There is no doubt pro-family groups are pleased with the U.S. Supreme Court's ruling Monday which kept "Under God" in the Pledge of Allegiance but many are disappointedly expecting the issue to resurface since the constitutionality of the Pledge's reference to God was not addressed.
All eight justices appointed to oversee the case agreed to overrule the Ninth District Circuit Appeals Court's decision to consider a California school district's policy requiring the recital of the pledge unconstitutional.
Michael Newdow, an Athiest, had filed the lawsuit challenging the consitutionality of the phrase "Under God" in the Pledge of Allegiance recited by his 8-year-old daughter enrolled at an elementary school in the Elk Grove Unified School District.
The Supreme Court dismissed Newdow's case as it if was never filed based on technicality. Newdow did not have a standing to argue the case on behalf of his daughter, according to the Court, because he was still in a custodial battle with his wife.
Justice Stevens writing for the Court stated, “When hard questions of domestic relations are sure to affect the outcome, the prudent course is for the federal court to stay its hand rather than reach out to resolve a weighty question of federal constitutional law.?
The Court's ruling on the standing issue is a very significant one because parental rights are very important but CWA would have liked the Court to rule on the mertis upholding "Under God" in the pledge for school school children, said Jan LaRue, Concerned Women for America's chief counsel, who joined with the Christian Legal Society in an amicus brief submitted to the court.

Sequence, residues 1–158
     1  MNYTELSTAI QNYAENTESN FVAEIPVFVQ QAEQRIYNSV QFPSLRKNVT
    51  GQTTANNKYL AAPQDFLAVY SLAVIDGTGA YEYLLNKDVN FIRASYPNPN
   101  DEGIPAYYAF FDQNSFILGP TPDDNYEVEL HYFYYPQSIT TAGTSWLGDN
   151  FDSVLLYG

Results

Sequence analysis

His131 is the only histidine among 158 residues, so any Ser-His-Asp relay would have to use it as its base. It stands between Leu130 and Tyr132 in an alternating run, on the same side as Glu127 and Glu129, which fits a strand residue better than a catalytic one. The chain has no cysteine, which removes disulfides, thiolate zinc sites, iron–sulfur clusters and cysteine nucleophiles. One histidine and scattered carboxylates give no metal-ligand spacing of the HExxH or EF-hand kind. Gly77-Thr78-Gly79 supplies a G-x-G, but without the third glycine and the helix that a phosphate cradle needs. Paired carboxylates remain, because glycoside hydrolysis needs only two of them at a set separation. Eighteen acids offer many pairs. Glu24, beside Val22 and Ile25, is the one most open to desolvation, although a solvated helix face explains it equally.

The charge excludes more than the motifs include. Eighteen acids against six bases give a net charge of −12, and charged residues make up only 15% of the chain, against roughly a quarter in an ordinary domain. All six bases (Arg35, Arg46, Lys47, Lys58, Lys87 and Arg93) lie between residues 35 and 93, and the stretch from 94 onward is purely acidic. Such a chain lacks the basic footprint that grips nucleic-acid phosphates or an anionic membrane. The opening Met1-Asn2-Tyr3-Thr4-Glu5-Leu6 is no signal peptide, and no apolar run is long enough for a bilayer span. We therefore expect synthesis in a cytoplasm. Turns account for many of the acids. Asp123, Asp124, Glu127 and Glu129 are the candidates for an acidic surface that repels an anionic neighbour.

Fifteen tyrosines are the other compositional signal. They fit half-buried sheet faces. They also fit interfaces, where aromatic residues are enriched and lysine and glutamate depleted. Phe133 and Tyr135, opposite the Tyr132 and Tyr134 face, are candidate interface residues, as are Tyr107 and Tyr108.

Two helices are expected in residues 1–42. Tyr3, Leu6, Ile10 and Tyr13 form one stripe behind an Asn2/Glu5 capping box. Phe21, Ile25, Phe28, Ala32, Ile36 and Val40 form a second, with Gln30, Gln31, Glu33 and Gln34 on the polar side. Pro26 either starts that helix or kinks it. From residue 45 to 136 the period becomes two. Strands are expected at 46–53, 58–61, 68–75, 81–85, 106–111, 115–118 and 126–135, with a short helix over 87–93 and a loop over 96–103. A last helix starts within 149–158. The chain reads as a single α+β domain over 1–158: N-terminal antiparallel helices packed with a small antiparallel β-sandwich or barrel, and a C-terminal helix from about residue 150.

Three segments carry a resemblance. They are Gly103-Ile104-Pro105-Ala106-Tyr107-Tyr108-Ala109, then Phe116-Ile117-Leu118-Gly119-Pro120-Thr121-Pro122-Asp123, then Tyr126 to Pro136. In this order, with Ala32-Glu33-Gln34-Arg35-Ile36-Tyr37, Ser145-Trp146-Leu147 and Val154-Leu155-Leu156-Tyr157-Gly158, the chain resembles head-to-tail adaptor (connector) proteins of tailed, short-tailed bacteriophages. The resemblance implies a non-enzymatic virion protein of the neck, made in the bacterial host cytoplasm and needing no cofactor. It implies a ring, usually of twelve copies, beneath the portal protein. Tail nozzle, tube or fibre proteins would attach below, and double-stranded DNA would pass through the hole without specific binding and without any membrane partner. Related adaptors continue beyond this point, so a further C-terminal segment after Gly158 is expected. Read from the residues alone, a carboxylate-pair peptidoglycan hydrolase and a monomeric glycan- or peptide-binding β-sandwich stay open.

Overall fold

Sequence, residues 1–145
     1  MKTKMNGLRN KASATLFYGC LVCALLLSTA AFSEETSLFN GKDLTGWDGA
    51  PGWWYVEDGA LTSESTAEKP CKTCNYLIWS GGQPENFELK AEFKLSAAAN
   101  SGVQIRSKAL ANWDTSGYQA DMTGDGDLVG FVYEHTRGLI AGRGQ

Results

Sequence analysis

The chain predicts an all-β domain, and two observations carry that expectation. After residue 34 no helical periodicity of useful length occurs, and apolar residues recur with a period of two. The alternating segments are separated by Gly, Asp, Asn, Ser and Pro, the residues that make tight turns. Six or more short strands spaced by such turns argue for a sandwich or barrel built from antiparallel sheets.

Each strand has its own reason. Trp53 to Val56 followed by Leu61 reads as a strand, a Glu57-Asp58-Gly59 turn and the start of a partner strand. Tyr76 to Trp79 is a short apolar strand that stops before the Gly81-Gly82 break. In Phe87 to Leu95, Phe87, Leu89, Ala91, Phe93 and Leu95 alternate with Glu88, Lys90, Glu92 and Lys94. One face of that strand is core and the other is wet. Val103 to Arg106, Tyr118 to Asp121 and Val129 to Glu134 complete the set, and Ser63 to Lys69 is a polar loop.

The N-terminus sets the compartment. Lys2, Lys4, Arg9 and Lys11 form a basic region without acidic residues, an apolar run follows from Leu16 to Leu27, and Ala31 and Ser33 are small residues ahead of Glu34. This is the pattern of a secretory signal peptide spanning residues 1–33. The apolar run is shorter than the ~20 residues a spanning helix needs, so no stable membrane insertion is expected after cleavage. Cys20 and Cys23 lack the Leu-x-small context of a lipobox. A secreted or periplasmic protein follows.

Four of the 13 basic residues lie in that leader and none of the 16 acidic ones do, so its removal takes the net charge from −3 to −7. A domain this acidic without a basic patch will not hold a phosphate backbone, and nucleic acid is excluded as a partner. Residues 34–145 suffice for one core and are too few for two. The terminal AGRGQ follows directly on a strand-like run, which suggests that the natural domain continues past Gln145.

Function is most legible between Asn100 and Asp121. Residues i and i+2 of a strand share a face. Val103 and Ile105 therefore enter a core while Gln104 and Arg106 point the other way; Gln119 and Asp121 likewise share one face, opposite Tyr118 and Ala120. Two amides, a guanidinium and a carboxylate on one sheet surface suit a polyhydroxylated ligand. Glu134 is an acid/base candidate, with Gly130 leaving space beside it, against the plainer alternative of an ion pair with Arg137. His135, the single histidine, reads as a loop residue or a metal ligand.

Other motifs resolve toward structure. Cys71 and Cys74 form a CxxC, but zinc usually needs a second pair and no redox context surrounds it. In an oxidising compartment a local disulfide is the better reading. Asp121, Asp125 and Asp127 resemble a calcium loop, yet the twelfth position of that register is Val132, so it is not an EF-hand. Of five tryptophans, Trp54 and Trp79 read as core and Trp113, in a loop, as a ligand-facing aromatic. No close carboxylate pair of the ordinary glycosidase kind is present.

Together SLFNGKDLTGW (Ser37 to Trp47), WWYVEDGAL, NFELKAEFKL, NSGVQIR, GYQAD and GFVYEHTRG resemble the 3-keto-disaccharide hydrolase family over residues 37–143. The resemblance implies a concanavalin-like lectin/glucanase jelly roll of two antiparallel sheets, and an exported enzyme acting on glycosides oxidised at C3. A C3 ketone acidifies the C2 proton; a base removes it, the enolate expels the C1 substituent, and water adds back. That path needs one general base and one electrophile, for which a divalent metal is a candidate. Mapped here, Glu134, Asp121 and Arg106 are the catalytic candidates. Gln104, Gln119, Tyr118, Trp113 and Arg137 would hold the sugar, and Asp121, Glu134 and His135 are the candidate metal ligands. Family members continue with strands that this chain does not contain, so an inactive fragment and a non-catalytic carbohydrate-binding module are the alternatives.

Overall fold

"I am certainly pleased that the U.S. Supreme Court has overturned the decision of the 9th U.S. Circuit Court of Appeals," commented Founder of Focus on the Family Dr. James Dobson.
Dobson expressed frustration over the Court's avoiding of the real issue.
"However, the Supreme Court does not emerge from this case the defender of America's moral and Christian heritage ?in fact, it showed a lack of principle that is truly appalling. Instead of settling this question once and for all, the Court has left the nation to wonder if God's name will be found unconstitutional if another challenge is brought in a procedurally correct fashion," said Dobson.
The pro-family groups were thankful to Chief Justice William Rehnquist, Justice Sandra Day O'Connor, and Justice Clarence Thomas, who took the opportunity to write separately and explain why reciting the phrase "Under God" in the pledge is constitutional.
Richard Thompson, Chief Counsel of the Thomas More Law Center, which also filed an amicus brief in the case on behalf of the Law Center’s members and the Catholic League for Religious and Civil Rights, said it is likely the pledge will be challenged again in the future.
"Because the Court avoided deciding the Pledge case on its merits," he said, "the ACLU and other anti-religious organizations will undoubtedly find a new plaintiff to again challenge the Pledge. The Thomas More Law Center stands ready to defend at no charge any school district so sued.?
Other friends to the court, National Clergy Council (NCC) and Faith and Action, agree.
"We have no doubt the Pledge will be challenged again and we're working hard to protect it against further assault," said NCC president Rev. Rob Schenck.
The two organizations, which were also part of the Washington D.C. prayer vigil in support of keeping the "Under God" phrase, celebrated the ruling by hanging a two-story banner reading "50 Years Under God" on the front of their joint headquarters immediately across the street from the High Court where it will remain for several months. The groups will also hand out pins to celebrate the victory.